"I don't think it's any less sacred because it was shared with a lot of people and it must be said, you know, there was a lot of stuff that I didn't share. There was a lot of stuff that I will tell only my wife and maybe someday my children. I certainly had a sense of proportion and delicacy. I don't think my mother knew much about Twitter or social media platforms but I would read her an occasional message from someone in Australia, someone in Great Britain or Singapore and she was very touched. She was an old showgirl and I wouldn't — I didn't tweet anything and wouldn't have that I didn't think she would be totally comfortable with."

On the banter between him and his mother
"A constant, constant source of play between the two of us — 'Why that shirt?' And tie. That sort of thing. You know I always try to dress well for her and I always felt like I never dressed quite well enough for her. Although, I'm glad on the last day we had with each other, she looked up from her bed and said, 'You really look lovely today.' "

On what his mother taught him
"When she just looked up at me and said, 'Oh Earth, you're too beautiful for anyone to realize,' I think we can all stand to learn that. To know that in our bones. And when she told me, 'Honey, always take time with people in their 80s,' I hear her voice coming back into mine now. 'Always take time with people in their 80s because for more than a decade, they've been looking right across the street at death and they know what's really important in life.' I don't know about you, but I can stand to hear that message."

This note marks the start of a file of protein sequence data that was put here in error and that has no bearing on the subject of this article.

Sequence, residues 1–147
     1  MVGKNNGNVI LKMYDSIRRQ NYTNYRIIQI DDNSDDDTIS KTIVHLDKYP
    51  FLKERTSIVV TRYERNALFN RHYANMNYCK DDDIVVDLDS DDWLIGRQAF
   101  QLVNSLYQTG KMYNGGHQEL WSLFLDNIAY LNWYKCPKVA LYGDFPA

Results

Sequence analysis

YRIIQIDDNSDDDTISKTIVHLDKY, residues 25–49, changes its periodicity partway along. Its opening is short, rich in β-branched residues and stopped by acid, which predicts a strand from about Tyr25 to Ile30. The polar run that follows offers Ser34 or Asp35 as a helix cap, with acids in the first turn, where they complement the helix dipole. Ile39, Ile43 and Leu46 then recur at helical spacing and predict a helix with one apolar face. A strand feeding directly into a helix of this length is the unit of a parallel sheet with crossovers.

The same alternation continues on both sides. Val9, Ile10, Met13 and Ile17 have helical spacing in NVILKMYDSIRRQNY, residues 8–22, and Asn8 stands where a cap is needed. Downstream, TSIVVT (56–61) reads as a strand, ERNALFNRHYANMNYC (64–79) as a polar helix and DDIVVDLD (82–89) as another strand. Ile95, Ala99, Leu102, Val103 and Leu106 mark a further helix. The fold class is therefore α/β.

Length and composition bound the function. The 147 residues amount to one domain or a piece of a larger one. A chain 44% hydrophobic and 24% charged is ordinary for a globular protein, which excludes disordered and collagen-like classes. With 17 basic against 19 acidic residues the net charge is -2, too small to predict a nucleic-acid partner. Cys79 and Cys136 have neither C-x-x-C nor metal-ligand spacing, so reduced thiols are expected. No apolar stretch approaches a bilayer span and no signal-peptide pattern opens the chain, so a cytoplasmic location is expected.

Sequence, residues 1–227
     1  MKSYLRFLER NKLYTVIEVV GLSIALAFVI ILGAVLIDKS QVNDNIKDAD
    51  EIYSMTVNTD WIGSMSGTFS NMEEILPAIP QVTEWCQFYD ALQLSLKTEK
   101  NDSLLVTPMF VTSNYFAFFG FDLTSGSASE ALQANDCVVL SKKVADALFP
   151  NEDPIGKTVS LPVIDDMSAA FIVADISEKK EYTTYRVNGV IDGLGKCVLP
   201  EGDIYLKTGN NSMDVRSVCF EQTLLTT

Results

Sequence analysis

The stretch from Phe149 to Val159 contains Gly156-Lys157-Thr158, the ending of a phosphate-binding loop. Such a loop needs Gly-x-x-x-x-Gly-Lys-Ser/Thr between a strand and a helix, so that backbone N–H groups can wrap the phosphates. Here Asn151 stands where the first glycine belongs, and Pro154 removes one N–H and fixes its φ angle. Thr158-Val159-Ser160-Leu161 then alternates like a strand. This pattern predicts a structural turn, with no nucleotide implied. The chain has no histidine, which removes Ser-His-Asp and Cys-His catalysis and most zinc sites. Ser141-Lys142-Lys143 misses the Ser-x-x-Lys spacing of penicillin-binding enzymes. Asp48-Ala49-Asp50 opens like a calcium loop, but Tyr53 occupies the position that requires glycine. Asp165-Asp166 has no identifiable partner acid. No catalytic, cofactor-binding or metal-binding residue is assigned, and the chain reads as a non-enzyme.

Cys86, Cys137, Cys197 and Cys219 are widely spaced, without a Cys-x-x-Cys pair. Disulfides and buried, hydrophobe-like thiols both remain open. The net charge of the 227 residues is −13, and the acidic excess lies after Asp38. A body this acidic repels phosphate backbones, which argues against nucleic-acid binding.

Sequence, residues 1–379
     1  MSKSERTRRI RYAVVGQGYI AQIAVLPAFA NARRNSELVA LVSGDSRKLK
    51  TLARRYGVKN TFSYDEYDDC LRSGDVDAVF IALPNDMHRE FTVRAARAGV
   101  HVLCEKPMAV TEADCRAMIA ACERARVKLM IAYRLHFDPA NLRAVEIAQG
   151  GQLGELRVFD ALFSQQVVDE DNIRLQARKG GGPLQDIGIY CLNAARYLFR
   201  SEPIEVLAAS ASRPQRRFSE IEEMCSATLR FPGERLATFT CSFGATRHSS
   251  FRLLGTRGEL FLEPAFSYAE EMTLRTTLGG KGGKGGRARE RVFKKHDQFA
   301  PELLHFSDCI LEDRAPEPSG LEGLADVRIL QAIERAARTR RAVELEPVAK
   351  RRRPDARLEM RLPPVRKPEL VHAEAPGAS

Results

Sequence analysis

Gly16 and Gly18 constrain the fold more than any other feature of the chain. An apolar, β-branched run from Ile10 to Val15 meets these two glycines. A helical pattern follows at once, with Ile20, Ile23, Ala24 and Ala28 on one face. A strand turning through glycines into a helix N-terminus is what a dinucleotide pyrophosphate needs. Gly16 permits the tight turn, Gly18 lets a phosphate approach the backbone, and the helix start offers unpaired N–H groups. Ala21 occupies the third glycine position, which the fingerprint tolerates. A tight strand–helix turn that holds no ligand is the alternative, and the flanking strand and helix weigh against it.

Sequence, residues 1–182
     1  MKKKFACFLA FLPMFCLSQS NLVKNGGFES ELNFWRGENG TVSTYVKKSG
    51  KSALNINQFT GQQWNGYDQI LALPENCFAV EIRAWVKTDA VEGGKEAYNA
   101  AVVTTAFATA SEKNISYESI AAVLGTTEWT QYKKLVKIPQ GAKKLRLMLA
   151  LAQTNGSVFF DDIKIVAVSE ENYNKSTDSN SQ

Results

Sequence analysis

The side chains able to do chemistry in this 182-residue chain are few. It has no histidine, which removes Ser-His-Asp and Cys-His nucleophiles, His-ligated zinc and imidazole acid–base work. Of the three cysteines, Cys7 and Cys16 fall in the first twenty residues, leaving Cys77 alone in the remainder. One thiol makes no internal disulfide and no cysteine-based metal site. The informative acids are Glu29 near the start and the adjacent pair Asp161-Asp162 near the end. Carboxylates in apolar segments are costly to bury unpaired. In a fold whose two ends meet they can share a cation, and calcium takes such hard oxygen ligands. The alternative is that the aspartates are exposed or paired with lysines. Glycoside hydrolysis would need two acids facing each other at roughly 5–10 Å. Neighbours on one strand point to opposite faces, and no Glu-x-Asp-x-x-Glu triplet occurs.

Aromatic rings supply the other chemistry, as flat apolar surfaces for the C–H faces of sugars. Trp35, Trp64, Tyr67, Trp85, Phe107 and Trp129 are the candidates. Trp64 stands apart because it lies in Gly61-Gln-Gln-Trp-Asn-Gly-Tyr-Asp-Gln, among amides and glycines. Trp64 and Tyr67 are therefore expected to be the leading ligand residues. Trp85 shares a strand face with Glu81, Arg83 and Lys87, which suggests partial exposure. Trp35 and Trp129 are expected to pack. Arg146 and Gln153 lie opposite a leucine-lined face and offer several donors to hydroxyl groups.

On their song
"She and I sang to each other a lot, in the ICU. I wish I could tell you it was grand opera. The song that kept popping up and we kept singing to each other, is Nat King Cole singing 'Unforgettable 'and I will hear that song again for the rest of my life and I bet I will sing it to my wife and sing it to my children. I will never hear that song without thinking of my mother."

Un-Hype' The News

Local Kentucky TV Station Wants To 'Un-Hype' The News

Sick of the hype that desperate local TV news programs use to try to draw viewers, a station in Louisville, Ky., is making a bold promise: If news isn't breaking at that moment, the station won't call it breaking news. It is part of a new compact with viewers and advertisers not to hype the news.

From NPR News, this is ALL THINGS CONSIDERED. I'm Audie Cornish.
And I'm Melissa Block.

In local TV news, one of the most basic ways to appeal to viewers is to constantly promise breaking news, but one station in Louisville, Kentucky, is taking a different approach. NPR media correspondent David Folkenflik tells us more.

DAVID FOLKENFLIK, BYLINE: The spot is for WDRB television in Louisville.

UNIDENTIFIED MAN #1: Breaking news is seldom actually breaking and quite often isn't even news. At WDRB, we never use that term. We believe the relationship you have with your television station shouldn't begin with a deception.